Another feature of this circuit is that the often-used optocoupler is omitted and capacitor C2 is used instead. In static state, both ends of C2 reach voltage balance and do not consume power. At this time, the voltage of X2 is 0. When U5 outputs a high level, because the voltage across C2 cannot be transient, the voltage of X2 is boosted. The two Schottky diodes D1 and D2 play a limiting role. By carefully adjusting the values of C2 and R4, the switching information can be transmitted smoothly.
2 Balance charge
Balanced charging is the charging method required for all lithium battery packs, but there is no balanced charging in many low-power applications, such as most laptop battery packs, which actually has a considerable impact on battery life.
Existing equalization technologies are mainly divided into energy transfer equalization between batteries and external energy input equalization. Energy balance between batteries is to charge the energy of the high-battery battery to the low-battery battery. The biggest problem with this method is that it is very complicated to control.
Many special-purpose chips or single-chip microcomputer solutions now use an external equalization method, which is achieved through controllable energy consumption. In this method, an energy-consuming element is generally used to consume energy, thereby waiting for other battery cells to be fully charged or reducing the voltage of some cells. The disadvantage of this scheme is that the energy consumption on the Zener diode is too large, and the resulting heat is unbearable.
Figure 4 Actual charging method
The actual charging method is shown in Figure 4. Of course, this is just a schematic diagram, excluding the current detection circuit (between the input and the transformer) and the voltage detection circuit (transformer secondary winding). Among them, the switch array is realized with power MOSFET.
In this way, the tubes work in the on-off state and consume very little energy. In addition, the battery does not have a diode in series, so the maximum output can be obtained. The disadvantage is that the circuit is more complicated. Since the voltage of each battery needs to be matched, the input charging circuit is required to be isolated. The T1 transformer is used here as isolation, because the switching frequency can be made very high, and the size of the T1 transformer is very small.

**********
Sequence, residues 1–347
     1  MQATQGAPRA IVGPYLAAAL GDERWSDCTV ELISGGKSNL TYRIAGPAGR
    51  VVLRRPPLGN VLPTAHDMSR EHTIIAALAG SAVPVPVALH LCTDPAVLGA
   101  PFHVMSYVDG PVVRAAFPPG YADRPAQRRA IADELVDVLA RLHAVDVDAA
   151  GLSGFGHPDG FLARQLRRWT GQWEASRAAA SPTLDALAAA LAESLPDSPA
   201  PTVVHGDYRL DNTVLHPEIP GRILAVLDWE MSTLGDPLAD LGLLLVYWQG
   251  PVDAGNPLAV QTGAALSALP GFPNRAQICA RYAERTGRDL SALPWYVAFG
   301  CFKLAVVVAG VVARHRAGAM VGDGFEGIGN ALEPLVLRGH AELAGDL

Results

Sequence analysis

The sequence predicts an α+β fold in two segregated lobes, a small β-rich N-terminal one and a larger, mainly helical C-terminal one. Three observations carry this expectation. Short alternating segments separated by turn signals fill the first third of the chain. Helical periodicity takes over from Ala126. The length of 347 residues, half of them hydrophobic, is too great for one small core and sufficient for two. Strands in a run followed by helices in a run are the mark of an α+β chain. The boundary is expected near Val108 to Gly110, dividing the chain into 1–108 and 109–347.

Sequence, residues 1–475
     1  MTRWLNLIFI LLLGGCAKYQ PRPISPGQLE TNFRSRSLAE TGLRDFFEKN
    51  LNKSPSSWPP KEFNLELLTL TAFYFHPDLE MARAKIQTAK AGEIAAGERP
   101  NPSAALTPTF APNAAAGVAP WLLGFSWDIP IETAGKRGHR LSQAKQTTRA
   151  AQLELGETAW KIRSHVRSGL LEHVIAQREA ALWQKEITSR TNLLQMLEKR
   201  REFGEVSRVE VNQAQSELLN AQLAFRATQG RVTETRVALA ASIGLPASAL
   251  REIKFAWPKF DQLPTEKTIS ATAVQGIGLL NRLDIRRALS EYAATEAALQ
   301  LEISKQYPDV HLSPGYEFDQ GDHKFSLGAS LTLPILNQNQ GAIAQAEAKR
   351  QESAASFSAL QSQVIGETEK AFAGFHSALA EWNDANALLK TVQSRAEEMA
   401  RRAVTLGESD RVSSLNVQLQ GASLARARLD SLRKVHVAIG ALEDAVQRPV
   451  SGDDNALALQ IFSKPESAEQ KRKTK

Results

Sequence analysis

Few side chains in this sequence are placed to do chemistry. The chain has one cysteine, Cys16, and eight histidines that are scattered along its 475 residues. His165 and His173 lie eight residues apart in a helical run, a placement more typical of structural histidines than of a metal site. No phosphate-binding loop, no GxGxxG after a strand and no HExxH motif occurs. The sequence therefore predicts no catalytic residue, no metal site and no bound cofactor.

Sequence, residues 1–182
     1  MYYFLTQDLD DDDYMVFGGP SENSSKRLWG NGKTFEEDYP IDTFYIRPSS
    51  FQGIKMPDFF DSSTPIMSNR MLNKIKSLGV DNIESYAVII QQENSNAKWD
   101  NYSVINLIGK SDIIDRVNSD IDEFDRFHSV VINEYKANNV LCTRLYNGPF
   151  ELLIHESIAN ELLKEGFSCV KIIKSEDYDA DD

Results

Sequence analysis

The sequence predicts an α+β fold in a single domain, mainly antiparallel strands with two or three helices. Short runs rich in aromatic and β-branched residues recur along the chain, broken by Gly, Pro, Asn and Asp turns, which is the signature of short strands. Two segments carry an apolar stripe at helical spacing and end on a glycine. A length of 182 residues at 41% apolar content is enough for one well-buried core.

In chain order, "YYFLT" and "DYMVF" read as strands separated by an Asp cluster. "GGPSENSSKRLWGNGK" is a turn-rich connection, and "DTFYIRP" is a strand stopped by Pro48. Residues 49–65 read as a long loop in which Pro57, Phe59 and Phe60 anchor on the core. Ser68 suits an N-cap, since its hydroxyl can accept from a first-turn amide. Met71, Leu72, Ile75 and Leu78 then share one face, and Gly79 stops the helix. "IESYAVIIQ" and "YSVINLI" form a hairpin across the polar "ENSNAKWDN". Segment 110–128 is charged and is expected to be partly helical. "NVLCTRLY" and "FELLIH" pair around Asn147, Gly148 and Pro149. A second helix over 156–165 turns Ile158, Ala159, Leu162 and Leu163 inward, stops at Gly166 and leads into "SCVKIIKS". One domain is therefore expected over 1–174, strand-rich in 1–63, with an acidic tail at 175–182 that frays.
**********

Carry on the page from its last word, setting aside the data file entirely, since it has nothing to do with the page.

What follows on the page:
The whole charging circuit works in the switching state, no control module is added, the FET is directly controlled by the FPGA, and the output of the current detection and voltage detection circuit is also converted into a switching value and directly transmitted to the FPGA.
Charging is divided into four steps:
a) Detect whether there is a battery cell lower than 2.5V, if so, use a 5% duty cycle to charge the battery lower than 2.5V in turn to boost the voltage to 2.5V;
b) Turn on J1 and J8, charge the whole with high current, and measure the voltage of the battery cells at the same time, if any battery cells reach 4.2V, go to the next step;
c) Gradually reduce the duty cycle to maintain the highest voltage of the single battery at 4.2V until the duty cycle is < 5%;
d) Charge the batteries under 4.2V in turn, when the duty cycle drops to 5%, the charging ends.
It should be noted here that the alternate charging in steps a) and d) is realized by the switch matrix, and the alternate charging will not prolong the charging time, because the duty cycle at this time is much less than 25%, which can be used in a Charge each of the four batteries during a charge cycle.
3 Overcurrent and low voltage protection
In order to ensure the absolute safety of the battery pack, the over-current and low-voltage protection of the battery pack are independently set, and the output of the battery pack can be directly cut off when a problem occurs. This type of circuit is also very common, and will not be repeated here.
In addition, it should be noted that the control system also contains non-volatile memory and battery output detection circuit. When the action of the protection circuit is detected, the current information will be saved in the non-volatile memory for future analysis.
The battery pack composed of multi-cell lithium batteries is an inevitable choice for portable high-power devices. How to manage and maintain this battery pack to make it work with high efficiency and long life is also a task for electronic designers.
This paper provides a new idea, which is to use a simple and accurate circuit to convert complex analog quantities into digital quantities, thereby simplifying the design of external circuits, and handing over complex charging sequence control to programmable logic for processing. Doing so is not only very flexible and accurate, but also reduces cost.
Responsible editor: gt